Norment Household: 315 Hill Street

 Without the industrialization of the New South and the Loray Mill, the Norment family would never have existed. Thomas Norment was born in Orangeburg County, South Carolina, located in the state’s coastal plain between Columbia and Charleston. His wife Lena and her family, however, traced their origins to the Piedmont region of North Carolina in Alexander County. It is extremely unlikely that the two would ever have met had it not been for the Loray Mill’s demand for workers and their families’ willingness to relocate for economic gain.

In 1920, the Norments were a typical example of a family in the Loray Mill village. Thomas and Lena Norment lived at their rented house at 315 Hill Street with Cecil and Ralph, their two sons. Thomas was a carder in the Loray Mill. A carder was responsible for disentangling and cleaning cotton fibers before they could be made into single strands. Lena did not have a formal occupation, although with two young children she certainly would have worked hard in the home. Lena also was pregnant at the time that that 1920 census was taken. Cecil, age seven, and Ralph, age five, were too young to work, and it is likely that Cecil also attended school.

Before 1920

Thomas Norment's World War I draft registration card

Thomas Norment’s World War I draft registration card

Mill work brought the Norments together in Gastonia. Thomas was born on October 4, 1888, in Orangeburg County, South Carolina to Stephen Douglass and Elmira Jane Norment. Sometime before 1910, Stephen and Elmira moved their family north to Gastonia. This move was certainly caused by the job prospects in the textile industry
but could have also been a homecoming for the family, since both Stephen and Elmira were from North Carolina. In 1910, Thomas worked as a spooler in a Gastonia cotton mill, and on July 10, he married Lena Lippard. Lena’s family had moved to Gastonia from Alexander County, North Carolina, sometime before 1910, and at the time of her marriage, she was also an employee of a local cotton mill. After three years of marriage, the couple relocated within Gastonia to the Loray Mill village and before 1920, they had had their first two children.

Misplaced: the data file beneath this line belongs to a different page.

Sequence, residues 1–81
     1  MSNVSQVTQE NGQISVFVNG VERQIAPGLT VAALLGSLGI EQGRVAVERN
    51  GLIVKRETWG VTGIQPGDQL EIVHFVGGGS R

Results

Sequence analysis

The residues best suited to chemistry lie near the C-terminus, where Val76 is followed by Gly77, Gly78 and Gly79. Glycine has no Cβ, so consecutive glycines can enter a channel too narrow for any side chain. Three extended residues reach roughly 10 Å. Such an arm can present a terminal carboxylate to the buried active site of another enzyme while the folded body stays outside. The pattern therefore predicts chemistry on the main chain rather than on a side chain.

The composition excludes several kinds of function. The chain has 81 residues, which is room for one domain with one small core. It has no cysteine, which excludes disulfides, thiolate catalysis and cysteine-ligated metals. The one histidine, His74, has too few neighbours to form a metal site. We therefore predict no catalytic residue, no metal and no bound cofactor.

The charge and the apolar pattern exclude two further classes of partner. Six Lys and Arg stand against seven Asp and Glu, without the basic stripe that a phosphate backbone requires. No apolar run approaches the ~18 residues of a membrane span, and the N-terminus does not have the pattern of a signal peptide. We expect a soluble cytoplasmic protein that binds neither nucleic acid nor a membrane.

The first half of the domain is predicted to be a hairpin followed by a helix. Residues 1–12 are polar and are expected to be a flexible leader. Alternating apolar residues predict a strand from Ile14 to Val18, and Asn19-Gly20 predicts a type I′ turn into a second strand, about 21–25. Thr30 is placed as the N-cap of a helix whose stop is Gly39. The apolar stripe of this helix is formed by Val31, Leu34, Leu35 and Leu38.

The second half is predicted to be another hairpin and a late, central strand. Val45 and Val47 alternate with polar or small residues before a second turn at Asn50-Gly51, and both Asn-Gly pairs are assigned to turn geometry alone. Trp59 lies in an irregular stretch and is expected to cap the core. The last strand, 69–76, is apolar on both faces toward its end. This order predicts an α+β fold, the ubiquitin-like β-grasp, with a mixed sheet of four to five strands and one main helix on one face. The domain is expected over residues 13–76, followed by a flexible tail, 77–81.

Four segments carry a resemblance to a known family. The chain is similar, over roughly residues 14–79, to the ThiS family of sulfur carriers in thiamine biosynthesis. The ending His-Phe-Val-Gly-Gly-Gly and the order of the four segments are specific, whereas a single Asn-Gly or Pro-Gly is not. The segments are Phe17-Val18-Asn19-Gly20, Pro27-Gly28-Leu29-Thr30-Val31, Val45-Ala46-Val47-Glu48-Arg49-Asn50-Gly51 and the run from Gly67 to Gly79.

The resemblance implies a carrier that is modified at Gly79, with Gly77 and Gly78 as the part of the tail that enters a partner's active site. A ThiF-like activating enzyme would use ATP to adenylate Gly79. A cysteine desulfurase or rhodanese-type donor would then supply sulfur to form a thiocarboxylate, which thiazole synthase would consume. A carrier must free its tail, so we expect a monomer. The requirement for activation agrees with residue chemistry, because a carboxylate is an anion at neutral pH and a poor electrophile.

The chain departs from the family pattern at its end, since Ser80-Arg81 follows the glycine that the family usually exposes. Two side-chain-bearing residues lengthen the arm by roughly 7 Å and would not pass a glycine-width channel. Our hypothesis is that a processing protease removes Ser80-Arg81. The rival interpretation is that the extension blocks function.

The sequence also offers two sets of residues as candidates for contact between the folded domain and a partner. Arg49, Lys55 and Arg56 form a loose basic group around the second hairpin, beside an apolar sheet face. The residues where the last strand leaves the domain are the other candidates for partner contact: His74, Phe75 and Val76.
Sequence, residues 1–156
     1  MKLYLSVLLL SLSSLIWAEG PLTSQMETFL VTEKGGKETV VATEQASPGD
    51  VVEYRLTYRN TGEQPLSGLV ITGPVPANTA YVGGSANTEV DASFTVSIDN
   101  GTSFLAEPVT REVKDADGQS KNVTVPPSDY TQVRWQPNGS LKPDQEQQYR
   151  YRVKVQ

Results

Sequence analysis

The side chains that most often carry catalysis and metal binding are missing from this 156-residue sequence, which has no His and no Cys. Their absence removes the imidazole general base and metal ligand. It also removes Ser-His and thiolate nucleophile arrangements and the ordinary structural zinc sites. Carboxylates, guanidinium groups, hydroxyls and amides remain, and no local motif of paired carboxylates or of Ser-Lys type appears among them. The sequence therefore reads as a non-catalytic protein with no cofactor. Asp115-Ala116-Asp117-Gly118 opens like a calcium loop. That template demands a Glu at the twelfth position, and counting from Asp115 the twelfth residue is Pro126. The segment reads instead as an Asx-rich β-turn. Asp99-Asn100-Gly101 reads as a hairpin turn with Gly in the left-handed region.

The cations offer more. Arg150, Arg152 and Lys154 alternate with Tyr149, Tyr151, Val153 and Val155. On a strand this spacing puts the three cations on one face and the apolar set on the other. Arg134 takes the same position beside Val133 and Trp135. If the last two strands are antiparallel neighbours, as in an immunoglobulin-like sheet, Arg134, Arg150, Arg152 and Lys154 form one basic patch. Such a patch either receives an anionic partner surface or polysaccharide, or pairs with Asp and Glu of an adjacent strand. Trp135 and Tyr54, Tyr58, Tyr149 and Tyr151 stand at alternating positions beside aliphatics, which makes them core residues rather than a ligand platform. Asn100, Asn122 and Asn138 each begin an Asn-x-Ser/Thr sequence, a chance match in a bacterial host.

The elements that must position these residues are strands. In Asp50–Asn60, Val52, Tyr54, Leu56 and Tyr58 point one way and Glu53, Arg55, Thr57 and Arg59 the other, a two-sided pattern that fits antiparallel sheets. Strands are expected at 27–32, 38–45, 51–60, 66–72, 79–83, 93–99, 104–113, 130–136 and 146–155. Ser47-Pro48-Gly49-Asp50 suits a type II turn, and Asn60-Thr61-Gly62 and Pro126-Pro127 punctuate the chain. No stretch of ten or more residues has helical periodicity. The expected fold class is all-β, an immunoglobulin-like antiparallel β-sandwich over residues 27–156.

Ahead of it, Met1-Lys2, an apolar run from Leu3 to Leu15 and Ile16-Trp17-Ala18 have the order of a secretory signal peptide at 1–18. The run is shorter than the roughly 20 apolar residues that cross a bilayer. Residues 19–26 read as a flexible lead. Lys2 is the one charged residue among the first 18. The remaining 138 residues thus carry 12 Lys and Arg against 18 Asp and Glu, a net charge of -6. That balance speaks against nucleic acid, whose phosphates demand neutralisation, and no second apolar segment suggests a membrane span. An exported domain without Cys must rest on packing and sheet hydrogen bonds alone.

After 1920

The Norment family would continue to relocate based on economic opportunities after 1920. Thomas and Lena remained in Gastonia until 1924 when the family moved to Charlotte. In addition to Cecil and Ralph, they had two more children before leaving the mill village. Virginia Norment, their first daughter, was born on June 2, 1920, but died seventeen days later from complications. Naomi Grace Norment was born a year later on September 23, 1921. After their move, Thomas and Lena had two more daughters: Lois Irma in 1924 and Lillian Blanche in 1928. In Charlotte, Thomas supported his family by working at the Ford Motor Company until his early death from pneumonia on May 6, 1933. After his death, his children had to support the family, and by 1940, Cecil and Naomi were employed at a local silk mill. Cecil served in the military during World War II, and afterwards he moved to Washington, D.C., where he and his wife opened a store, appropriately known as “Norment’s.” Ralph took a different path than his father or brother. He gained an apprenticeship with the Charlotte News in 1937, and by 1940 he was a full employee at the paper. World War II, however, derailed his plans. At the end of the war, Ralph moved first to Florida where he was a bookbinder and then to Washington, D.C, where he worked for the Bureau of Engraving and Printing. Less information is available about the Norment daughters. Naomi, Lois, and Lillian did remain in Charlotte for the majority of their adult lives, and they each married a local man from the surrounding area.